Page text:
Monday 12 January 2015

The Second Nursery Meeting

It has been a year since Leo started nursery, and in that year my little man has done so much growing up. You can see it in the way he conducts himself, to how he handles situations that present themselves to him, and in that short year he has transformed from my toddler into a little boy, a preschooler.

This last year has been one where I seemingly have to fight his corner and speak for him to the many people who are putting him behind where he should be. It is no secret that I have been fighting a losing battle since Leo’s 2 and a half year check, with conflicting opinions from various people, and no one really offering me a direct avenue to explore. I have fought for Leo to have his eyes and hearing tested, and pushed him into every appointment I possibly could in order to get to the bottom of the concerns expressed to me, because although I don’t share these concerns I have to action them.

The nursery have Leo 20 months behind developmentally in terms of his speech and how he conducts himself with other children, speech therapy have a variating opinion of their own,  the GP says he’s absolutely fine, the health visitor now puts him between 4 and a half to 5 years of age…So you can see why I have been at a loss with who to listen to. I am going with what the health visitor has said, because she saw Leo exactly like I do, although there are still people who don’t agree with her assessment.

Since I shared the results of Leo’s health visitor assessment with the nursery, I could see that they didn’t agree with it. Obviously if nursery still have concerns I want them to do everything possible for him, so I am pleased that our nursery leader called up our health visitor for a chat, I am again pleased that our health visitor confirmed her assessment first hand. They talked about why Leo could be measuring so drastically in comparison to the health visitors report, and avenues were discussed. The health visitor is adamant that Leo is shy and this reflects on how he is in the social environment, because she has witnessed first-hand that he has it all, and even his speech has come on in leaps and bounds.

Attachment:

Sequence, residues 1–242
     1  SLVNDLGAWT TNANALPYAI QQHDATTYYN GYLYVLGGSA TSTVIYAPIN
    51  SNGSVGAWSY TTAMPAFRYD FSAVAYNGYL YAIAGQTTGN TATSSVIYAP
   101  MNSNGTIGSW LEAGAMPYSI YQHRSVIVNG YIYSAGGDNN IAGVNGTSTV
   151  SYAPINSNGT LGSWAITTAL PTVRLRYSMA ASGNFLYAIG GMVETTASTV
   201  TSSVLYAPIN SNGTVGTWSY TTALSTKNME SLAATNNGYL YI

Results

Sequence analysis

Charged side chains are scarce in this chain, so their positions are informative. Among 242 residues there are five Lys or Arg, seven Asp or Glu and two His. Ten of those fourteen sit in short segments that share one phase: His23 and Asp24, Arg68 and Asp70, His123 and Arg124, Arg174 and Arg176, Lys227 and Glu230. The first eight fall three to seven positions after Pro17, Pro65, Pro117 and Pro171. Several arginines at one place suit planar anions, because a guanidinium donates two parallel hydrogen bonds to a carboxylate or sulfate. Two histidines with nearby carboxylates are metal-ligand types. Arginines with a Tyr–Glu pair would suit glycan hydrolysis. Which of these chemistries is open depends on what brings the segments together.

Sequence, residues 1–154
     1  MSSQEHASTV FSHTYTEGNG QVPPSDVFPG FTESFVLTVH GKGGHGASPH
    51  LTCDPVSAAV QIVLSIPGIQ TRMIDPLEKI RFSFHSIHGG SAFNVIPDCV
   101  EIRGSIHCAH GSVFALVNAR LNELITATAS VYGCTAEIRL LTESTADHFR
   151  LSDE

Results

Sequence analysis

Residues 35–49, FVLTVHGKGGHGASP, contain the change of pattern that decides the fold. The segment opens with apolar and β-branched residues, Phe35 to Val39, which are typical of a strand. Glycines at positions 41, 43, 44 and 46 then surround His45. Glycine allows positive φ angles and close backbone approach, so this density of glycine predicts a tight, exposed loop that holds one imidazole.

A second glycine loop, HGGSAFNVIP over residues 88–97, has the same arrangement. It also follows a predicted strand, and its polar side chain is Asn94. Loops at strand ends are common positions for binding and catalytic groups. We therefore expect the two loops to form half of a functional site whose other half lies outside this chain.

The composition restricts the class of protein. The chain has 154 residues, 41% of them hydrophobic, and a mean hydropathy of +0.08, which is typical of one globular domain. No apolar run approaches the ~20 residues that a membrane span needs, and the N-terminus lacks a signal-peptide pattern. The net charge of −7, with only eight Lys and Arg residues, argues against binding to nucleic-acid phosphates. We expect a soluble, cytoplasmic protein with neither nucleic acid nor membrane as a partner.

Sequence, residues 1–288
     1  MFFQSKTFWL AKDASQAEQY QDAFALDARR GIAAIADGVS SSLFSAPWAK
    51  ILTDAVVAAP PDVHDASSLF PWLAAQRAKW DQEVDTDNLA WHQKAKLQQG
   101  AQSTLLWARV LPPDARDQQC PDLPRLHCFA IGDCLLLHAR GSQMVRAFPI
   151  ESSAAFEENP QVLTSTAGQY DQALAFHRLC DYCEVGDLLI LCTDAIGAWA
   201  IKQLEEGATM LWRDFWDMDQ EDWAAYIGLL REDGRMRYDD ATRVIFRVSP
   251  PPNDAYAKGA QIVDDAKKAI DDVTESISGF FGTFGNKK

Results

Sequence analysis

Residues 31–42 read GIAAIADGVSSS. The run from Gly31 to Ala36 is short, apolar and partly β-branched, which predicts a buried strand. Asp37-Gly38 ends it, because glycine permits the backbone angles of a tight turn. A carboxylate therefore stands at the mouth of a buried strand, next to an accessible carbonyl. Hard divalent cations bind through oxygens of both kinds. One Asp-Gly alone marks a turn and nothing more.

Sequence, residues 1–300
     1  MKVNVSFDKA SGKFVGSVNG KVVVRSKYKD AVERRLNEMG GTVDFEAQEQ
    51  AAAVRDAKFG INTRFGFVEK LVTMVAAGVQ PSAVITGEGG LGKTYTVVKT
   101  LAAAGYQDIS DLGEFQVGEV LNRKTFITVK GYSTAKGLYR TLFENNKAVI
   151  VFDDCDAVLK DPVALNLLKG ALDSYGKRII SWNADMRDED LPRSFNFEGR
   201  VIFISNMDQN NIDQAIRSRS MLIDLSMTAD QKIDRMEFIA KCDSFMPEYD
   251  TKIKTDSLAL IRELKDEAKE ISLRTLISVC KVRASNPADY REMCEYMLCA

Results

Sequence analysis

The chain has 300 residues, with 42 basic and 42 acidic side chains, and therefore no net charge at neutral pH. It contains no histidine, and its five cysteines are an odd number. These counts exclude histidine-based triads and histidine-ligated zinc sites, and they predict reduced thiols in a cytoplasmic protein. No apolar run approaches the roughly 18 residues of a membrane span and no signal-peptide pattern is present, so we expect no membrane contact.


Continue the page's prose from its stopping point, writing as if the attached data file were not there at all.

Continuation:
On Friday I went into nursery and discussed the next steps for Leo, I explained that I had never shared the same concerns, but I wanted to action them and resolve them so that Leo could start school in September without this shadowing over him. The nursery leader explained that she couldn’t score Leo as highly as the health visitor because he does not perform to that level within the nursery environment, of course I was fully aware of this anyway and for me it’s not about Leo achieving the highest scores on a piece of paper, as long as he’s happy and moving forward I really could not ask anything more of him. I did have to comment upon the vast difference between how Leo is at home, and how he is at school, because even the nursery leader had told me that Leo was a different child the last time I had visited the nursery. I explained that Leo had been witnessed by the health visitor in exactly the same light I see him every single day. 

With my arrival at the nursery Leo ran up and gave me a big hug, and then he followed us into the little corner of the room where he began chatting my ear off almost instantly. The nursery leader was running through Leo’s progress charts with me and all the time Leo was stood next to use asking me questions, it was then the nursery leader said that she could now tick off the box demonstrating that Leo can and does ask questions. I think in the time I was there she ticked off quite a few boxes that had otherwise remained blank signifying that Leo can’t or won’t do those things at nursery.

We talked about the home visit and the nursery leader commented on how perhaps it would have been better to do it in the office environment, and how using the health visitors own tools would have been a better assessment than allowing Leo to use his own, but it was decided by the health visitor to just sit and observe Leo as he used his words, asked questions and did everything asked of him. I took this opportunity to express my own personal opinion, I personally believe that for one reason or another Leo doesn’t express himself in the same way within the nursery setting as he does at home. I think that he is reserved and keeps himself to himself because there are so many children or maybe he just likes his own company.